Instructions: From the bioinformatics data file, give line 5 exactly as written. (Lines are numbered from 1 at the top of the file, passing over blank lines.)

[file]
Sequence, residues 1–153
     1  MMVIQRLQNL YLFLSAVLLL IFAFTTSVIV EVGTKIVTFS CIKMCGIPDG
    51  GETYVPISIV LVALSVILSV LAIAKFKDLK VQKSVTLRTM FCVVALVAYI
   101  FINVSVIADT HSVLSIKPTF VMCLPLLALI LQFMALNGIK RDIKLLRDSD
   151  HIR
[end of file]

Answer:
   151  HIR